Cholera outbreak kills at least 18 in South Sudan
At least 18 people have died of cholera in war-torn South Sudan, the health ministry said Tuesday, as it declared an outbreak of the highly contagious infection.
Minister of Health Riek Gai Kok told reporters that 171 cholera cases have been confirmed in the outbreak, which began in crowded United Nations bases in the capital Juba and spread elsewhere in the city.
Tens of thousands of people have sought shelter in the UN camps during 18 months of civil war.
At least 167 people died with over 6,400 cases reported in an outbreak last year, which was later contained.
"After subjecting cases to laboratory tests it was confirmed that there is a cholera outbreak," Kok said, adding that the first case recorded was on June 1.
"The confirmation of the cases automatically triggers the activation of a full-scale response," he added.
Stamping out cholera—transmitted through drinking water or eating food contaminated with faeces or dirty hands—poses an additional major challenge for the government and aid workers.
The World Health Organization (WHO) and aid workers are carrying out cholera vaccination campaigns targeting over 100,000 people "to prevent a potential large scale outbreak and prevent deaths," the ministry added.
Kok insisted health workers were better placed to tackle the outbreak than last year.
"The government is in a better position to prevent a potential large scale outbreak this year, largely because of pre-emptive measures undertaken with support from WHO and partners," he said.
More than two million people been forced to flee during the war, with over 137,000 civilians sheltering in UN peacekeeping bases, including over 34,000 civilians crammed into camps in the capital alone.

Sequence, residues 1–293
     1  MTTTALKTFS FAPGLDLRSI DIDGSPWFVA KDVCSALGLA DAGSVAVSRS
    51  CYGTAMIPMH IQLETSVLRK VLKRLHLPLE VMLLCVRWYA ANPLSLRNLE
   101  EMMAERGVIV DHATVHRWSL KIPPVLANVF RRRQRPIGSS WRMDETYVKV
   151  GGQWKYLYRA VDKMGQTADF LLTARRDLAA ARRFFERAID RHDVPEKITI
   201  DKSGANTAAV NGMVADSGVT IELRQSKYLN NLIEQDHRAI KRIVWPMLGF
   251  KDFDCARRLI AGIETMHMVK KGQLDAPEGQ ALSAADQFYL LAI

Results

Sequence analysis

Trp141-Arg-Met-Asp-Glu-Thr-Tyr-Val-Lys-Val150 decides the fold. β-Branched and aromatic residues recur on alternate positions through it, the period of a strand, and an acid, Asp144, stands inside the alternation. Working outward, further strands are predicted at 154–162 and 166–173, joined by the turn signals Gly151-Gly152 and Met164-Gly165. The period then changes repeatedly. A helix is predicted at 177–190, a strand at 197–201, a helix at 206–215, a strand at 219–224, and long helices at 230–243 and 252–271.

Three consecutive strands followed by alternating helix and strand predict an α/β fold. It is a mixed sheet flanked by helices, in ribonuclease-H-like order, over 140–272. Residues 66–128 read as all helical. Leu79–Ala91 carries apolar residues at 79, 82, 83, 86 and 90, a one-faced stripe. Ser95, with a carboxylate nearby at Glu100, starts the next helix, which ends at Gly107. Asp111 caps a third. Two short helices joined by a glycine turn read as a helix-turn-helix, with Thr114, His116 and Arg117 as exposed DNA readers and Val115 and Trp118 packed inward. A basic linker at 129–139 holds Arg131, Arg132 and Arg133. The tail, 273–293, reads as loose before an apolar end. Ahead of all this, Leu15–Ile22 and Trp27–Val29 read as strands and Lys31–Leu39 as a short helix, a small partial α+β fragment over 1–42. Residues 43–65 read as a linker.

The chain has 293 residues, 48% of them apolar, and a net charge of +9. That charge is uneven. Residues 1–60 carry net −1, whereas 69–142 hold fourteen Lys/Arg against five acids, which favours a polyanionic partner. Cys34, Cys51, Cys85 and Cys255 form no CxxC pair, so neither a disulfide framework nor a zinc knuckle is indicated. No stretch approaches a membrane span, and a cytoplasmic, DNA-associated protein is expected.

Two-thirds of the country's 12 million people need aid, with 4.5 million people facing severe food insecurity, according to the UN.
Civil war began in December 2013 when President Salva Kiir accused his former deputy Riek Machar of planning a coup, setting off a cycle of retaliatory killings that has split the poverty-stricken, landlocked country along ethnic lines.
The conflict has been characterised by ethnic massacres, rape and the use of child soldiers.
After a short incubation period of two to five days, cholera disease causes severe diarrhoea, draining the body of its water. The dramatic loss of fluid is often fatal.
"Anyone with severe watery diarrhoea should report to the designated treatment centre or nearest health facility," the ministry said in a warning.
"Wash hands with soap or ash after using toilets and latrines, before preparing food and after eating food, boil or disinfect drinking water with chlorine."
© 2015 AFP